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Oct 07 2016

Ticks and Lyme Disease in Pets: What You Need to Know

What is Lyme disease?

Lyme disease is caused by a bacterial infection that is carried by ticks, particularly deer ticks. Dogs that spend much of their time outside in the yard, in parks, or running around a farm are most at risk for getting Lyme disease. However, even pets that only walk outside long enough to do their business can contract Lyme. People can also contract Lyme disease from the same ticks, so it is very important to check yourself and your pets for ticks after spending time outside.

What are the signs of Lyme? 

Lyme disease can cause fever, a lack of appetite, and loss of energy. This disease can also cause arthritis. Some animals may seem like they are trying get sympathy from their owners by being lame on one leg, and switching to another. Dogs do not try to make you feel bad for them, however. Lameness that shifts to different legs can be a big indicator of Lyme disease. It is very important to have your pet tested and treated if this is suspected. Lyme disease that is left untreated can lead to kidney failure and very serious joint disease.

How is Lyme diagnosed? 

There is a 4Dx test that can be done right at your clinic which screens for Lyme disease. Any animal that has been exposed to the bacteria will show a positive on this small blood test. If the 4Dx test is positive, sending an additional sample of blood to a lab for testing is highly recommended. The lab work will show if the animal is actively fighting Lyme disease and needs treatment with antibiotics.

How can I prevent Lyme?

The best way to prevent Lyme disease is to use a tick preventative year-round. The tick needs to bite your pet in order to transmit the bacteria and cause disease. Using a veterinary approved tick preventative is the recommended way to prevent Lyme disease in our pets. Talk to your veterinarian about the products they recommend. At Lake Road Animal Hospital, we recommend Bravecto, Scalibor or Seresto collars, or Activyl Tick Plus for dogs. Bravecto is a chewable tablet that gives three months of protection against fleas and ticks. The Scalibor collar is offered for free with the Revolution package at our clinic, and provides six months of tick and flea protection. The Seresto collar protects against fleas and ticks for six to eight months and can be used on cats as well as dogs. Activyl Tick Plus is a monthly topical product and protects against fleas and ticks, but should only be used on dogs as this product is toxic to cats. The variety of products ensures that you can find the best fit for your pet. We can help you find the right product for your pet’s needs and lifestyle. Even though most insects are not a threat in the northeast during the winter, it is best to still have tick preventatives on board in case you travel with your pets or in the event of a winter thaw that allows the ticks to emerge for any length of time.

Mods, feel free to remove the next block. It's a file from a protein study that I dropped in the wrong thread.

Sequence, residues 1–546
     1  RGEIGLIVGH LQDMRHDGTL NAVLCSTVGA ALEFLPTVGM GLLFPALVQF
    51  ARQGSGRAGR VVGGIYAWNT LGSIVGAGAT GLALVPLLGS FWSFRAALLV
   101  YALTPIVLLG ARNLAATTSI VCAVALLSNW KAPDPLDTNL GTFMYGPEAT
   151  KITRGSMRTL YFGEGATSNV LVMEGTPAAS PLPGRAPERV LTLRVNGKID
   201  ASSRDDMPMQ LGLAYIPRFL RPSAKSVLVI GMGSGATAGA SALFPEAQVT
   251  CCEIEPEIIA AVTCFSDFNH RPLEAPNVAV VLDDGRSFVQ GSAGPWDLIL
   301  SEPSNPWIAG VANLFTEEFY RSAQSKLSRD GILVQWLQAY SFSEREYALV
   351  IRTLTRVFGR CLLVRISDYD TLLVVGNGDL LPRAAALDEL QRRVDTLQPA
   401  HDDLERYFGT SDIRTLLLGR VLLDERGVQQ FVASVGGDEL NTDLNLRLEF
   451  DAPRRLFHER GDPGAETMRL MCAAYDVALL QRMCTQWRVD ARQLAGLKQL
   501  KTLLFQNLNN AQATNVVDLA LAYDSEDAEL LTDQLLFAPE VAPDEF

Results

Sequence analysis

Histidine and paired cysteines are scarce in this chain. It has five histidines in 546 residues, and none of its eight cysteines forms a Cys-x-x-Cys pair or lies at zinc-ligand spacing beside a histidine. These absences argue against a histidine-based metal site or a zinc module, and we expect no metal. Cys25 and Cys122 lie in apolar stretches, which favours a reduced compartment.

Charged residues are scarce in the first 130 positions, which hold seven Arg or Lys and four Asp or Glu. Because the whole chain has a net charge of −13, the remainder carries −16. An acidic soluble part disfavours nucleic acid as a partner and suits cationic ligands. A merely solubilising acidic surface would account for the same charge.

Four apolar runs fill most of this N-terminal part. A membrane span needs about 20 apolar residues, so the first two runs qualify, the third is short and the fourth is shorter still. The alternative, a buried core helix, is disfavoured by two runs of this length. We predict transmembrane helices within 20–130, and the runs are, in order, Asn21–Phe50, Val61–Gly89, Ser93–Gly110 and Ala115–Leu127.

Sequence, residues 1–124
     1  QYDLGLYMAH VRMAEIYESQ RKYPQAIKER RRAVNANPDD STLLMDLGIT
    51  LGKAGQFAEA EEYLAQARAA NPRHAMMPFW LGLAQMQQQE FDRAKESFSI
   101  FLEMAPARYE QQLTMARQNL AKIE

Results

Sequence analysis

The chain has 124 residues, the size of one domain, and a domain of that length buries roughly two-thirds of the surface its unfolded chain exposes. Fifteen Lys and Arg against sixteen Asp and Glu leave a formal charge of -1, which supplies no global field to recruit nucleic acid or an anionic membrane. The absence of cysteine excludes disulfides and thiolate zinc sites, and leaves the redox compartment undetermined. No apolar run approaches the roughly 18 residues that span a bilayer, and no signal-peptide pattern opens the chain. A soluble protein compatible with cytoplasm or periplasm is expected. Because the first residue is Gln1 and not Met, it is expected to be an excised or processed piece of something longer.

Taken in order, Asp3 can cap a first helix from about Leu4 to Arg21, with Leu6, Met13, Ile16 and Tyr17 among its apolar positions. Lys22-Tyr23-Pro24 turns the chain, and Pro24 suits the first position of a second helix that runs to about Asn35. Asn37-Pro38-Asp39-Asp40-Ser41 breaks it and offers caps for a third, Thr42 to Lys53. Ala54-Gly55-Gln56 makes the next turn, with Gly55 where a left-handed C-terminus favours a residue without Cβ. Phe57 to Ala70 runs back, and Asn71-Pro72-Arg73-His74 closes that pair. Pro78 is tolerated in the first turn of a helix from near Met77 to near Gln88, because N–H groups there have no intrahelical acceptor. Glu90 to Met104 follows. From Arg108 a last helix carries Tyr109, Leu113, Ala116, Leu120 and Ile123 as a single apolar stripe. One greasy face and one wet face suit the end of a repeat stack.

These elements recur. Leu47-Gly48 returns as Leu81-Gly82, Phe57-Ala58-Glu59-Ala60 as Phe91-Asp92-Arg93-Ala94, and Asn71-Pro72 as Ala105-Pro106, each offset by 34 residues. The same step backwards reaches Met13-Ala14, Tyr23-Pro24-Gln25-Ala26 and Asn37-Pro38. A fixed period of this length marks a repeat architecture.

There is also a vaccine for Lyme that is done in a two shot series and then protects your pet for one year. This vaccine requires one yearly booster. Pets that have tested positive for Lyme and those who spend much of their time outdoors are highly recommended to get this vaccine. Before administering the vaccine, it is recommended to run an in-house test to make sure your pet does not already have Lyme disease before vaccination. Only healthy pets should be vaccinated so they have the best possible response to the vaccine.

What should I do if I find a tick?

If you find a tick on your pet or on yourself, it’s  important to remove the entire tick. If the body is removed and the mouthpieces remain under the skin, bacteria can still be transmitted, though mouthpieces typically migrate out on their own. There is a tool called a Tick Twister that allows for easier removal of the entire tick. This can be used on pets and humans. Not every tick bite leads to Lyme disease, but if you find a tick on your pet, it is best to call your veterinarian. We are always happy to answer any questions you may have regarding your pet’s health.

Written by Rebecca Burns, LVT

For more information on ticks and lyme disease, click here.

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Lake Road Animal Hospital and Kennel | Pet Health and Safety

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